It has been one of the most challenging Grand Slam seasons of Serena Williams’ career but when the world No 1 competed at her home event she finally came good. Williams, who had failed to reach even the quarter-finals of the year’s first three Grand Slam tournaments, won her sixth US Open title and her third in succession by crushing Caroline Wozniacki in a final here that was every bit as one-sided as the 6-3, 6-3 scoreline might suggest.
Fifteen years after she won her first Grand Slam title on this court in 1999, Williams claimed the 18th of her career, which puts her level with Chris Evert and Martina Navratilova. During the presentation ceremony after Williams’ victory, Evert and Navratilova came on court to present her with a gold bracelet to mark her achievement. Williams also won $3m (about £1.85m) in prize money and a $1m bonus for winning the US Open Series, which brings together all the tournaments during the north American hard-court season.
“It was a pleasure to win my first Grand Slam title here and now my 18,” a tearful Williams said before receiving the winner’s trophy. “I couldn’t ask to win them in a better place.”
Steffi Graf, who won 22 Grand Slam titles, is the only player who has won more in the Open era. The German’s total could well be within Williams’ reach, even though she will celebrate her 33 birthday later this month. By winning here Williams became the second oldest winner of a Grand Slam title in the Open era behind only Navratilova, who won Wimbledon at the age of 33 in 1990.
Although Wozniacki was unable to offer much of a challenge to Williams, the 24-year-old Dane has enjoyed an excellent summer, having put her personal troubles behind her after Rory McIlroy called off their wedding in May at short notice. Wozniacki’s only previous appearance in a Grand Slam final had been when she lost here to Kim Clijsters in 2009, but in reaching this final she played some of her best tennis for more than three years.
Williams has also had a splendid second half of the summer. Her early defeats at the French Open and Wimbledon were quickly forgotten as she returned to her commanding best, winning two of her three tournaments in the build-up to Flushing Meadows. She did not drop a set in her seven matches here, which emulated her performance when she won the title in 2002 and 2008.
Williams and Wozniacki are close friends, but the American was ruthless in the way she set about her task. The world No 1 simply had too much power, both on her serve and her ground strokes. Williams cracked 29 winners, while Wozniacki hit only four, three of which were aces.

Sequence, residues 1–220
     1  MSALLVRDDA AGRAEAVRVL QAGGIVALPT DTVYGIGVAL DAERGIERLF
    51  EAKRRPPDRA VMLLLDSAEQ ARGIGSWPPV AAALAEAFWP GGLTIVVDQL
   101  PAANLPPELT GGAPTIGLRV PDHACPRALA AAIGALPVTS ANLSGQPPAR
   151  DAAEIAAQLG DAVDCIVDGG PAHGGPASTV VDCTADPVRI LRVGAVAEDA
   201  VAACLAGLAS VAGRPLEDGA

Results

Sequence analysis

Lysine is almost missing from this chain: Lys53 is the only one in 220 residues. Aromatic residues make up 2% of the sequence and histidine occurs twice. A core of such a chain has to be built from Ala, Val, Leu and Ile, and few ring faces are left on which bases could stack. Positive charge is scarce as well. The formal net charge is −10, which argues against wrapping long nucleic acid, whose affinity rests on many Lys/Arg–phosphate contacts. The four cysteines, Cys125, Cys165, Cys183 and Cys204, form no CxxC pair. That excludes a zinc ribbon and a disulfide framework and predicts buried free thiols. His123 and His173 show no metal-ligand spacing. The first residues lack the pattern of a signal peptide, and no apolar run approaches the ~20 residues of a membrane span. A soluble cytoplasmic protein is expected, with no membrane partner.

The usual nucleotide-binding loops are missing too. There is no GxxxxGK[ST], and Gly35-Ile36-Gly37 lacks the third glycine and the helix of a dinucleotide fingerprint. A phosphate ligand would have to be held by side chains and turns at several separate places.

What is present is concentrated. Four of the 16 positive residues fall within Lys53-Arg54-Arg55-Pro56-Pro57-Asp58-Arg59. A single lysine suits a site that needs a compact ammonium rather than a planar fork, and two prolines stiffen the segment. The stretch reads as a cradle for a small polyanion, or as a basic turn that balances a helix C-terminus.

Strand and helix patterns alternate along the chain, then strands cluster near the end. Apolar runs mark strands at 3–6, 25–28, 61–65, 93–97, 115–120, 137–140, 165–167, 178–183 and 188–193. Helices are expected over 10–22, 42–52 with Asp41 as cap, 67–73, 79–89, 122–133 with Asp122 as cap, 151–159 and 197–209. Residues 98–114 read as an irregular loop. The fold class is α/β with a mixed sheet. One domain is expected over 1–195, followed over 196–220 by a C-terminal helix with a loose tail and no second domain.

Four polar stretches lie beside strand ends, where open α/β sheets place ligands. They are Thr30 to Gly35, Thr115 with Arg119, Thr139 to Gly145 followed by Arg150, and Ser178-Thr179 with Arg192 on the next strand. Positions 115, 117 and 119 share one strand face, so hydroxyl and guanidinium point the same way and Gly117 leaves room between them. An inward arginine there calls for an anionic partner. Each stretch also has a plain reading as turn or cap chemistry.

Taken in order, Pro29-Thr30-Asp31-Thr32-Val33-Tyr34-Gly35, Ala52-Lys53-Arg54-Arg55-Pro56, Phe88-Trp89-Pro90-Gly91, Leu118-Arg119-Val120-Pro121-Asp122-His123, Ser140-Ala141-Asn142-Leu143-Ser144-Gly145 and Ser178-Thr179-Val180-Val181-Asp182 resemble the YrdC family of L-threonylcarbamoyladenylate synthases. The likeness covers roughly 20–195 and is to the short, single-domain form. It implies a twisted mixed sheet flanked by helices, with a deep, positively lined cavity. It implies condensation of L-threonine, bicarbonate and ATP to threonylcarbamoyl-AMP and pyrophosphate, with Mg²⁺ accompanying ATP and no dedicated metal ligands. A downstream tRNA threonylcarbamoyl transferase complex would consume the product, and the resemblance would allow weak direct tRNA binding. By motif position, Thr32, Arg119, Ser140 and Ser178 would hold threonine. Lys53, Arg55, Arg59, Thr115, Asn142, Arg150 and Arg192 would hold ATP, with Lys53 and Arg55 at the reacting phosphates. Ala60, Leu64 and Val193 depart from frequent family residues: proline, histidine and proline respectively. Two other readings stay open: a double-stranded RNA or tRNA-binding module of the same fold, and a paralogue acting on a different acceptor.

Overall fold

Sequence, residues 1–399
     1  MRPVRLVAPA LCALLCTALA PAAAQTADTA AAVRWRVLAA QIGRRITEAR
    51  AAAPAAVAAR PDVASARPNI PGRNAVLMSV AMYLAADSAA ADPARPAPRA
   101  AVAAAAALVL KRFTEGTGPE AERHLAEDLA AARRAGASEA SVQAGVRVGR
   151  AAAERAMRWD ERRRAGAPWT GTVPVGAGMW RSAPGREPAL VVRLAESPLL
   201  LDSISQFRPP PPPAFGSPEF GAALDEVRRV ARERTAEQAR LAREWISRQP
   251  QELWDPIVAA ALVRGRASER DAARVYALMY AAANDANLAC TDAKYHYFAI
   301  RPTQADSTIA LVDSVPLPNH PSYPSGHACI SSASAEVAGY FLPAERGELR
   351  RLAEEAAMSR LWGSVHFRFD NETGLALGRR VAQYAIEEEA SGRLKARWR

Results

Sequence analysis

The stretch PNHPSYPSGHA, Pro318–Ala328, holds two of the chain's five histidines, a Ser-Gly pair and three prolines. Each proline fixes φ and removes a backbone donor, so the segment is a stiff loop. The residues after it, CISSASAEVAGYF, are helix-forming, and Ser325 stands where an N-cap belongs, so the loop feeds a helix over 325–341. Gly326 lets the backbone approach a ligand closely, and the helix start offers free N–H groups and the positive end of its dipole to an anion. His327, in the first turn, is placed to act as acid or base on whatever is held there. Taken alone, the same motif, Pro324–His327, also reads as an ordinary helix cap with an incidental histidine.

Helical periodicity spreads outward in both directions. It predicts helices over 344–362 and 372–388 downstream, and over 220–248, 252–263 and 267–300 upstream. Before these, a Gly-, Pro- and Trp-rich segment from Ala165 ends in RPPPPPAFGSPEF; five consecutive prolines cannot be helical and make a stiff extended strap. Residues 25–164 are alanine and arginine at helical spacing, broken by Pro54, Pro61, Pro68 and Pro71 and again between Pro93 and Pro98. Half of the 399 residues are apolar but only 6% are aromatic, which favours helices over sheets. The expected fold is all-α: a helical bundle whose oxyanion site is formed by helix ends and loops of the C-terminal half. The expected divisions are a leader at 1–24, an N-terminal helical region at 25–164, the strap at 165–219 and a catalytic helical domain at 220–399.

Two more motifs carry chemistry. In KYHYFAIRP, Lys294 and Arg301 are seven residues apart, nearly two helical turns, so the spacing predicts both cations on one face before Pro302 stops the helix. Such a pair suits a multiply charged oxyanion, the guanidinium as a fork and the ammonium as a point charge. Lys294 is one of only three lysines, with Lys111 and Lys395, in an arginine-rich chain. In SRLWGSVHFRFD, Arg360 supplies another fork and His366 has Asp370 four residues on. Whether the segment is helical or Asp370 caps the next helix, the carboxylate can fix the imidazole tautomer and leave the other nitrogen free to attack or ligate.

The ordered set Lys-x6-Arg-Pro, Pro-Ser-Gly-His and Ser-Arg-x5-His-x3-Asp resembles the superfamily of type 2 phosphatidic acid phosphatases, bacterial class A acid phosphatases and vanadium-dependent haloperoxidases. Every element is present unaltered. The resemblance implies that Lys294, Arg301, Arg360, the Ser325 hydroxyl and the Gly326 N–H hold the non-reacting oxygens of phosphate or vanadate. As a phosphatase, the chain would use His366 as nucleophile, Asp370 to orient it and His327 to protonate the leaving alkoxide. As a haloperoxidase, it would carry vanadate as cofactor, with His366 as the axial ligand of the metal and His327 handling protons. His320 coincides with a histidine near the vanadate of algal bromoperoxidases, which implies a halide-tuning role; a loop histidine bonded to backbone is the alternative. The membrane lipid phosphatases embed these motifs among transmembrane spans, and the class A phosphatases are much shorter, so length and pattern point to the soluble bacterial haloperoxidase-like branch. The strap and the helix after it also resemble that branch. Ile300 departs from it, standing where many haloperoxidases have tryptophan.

When Wozniacki failed to put her first serves in court she was regularly in trouble. Williams hit thumping returns when Wozniacki’s placement was poor or when she took too much pace off her serves.
The Dane will be running the New York Marathon later this year and there was never any doubt about her ability to chase down balls and cover all corners of the court. She did so with some success, particularly in the second set, but it was only ever a question of delaying the inevitable.
The challenge Wozniacki faced was highlighted in her very first service game. The world No 11, well aware that Williams would punish anything short, made two double faults to put herself in trouble and was then broken when Williams punished two weak serves in a row with thumping return winners.
Williams, nevertheless, was far from secure on her own serve in the opening set. After the American had won her first service game, saving a break point in the process, there were five successive breaks before Williams finally held to go 5-2 ahead.
Wozniacki, who has never beaten a reigning world No 1, saved one set point in the following game, finally holding serve for the first time, but Williams served out for the set after 40 minutes. Given that the previous 19 women’s finals here had been won by the player who won the first set, Wozniacki’s prospects were looking on the dark side of bleak.
Williams, ominously, broke in the opening game of the second set. Although there were no further breaks of serve until the last game, Wozniacki never looked likely to get back in contention. Serving at 3-5 and 0-15, she finally hit her first winner other than an ace with a cross-court backhand that drew applause even from Williams.
On the next point, however, Wozniacki netted a backhand at the end of a 26-shot rally and then went match point down as Williams smacked a forehand winner. When Wozniacki hit a backhand long at 15-40 Williams fell on her back in celebration, the tears already welling up. It has been a difficult Grand Slam year for the American, but it ended in the way that she knows best.Reuse content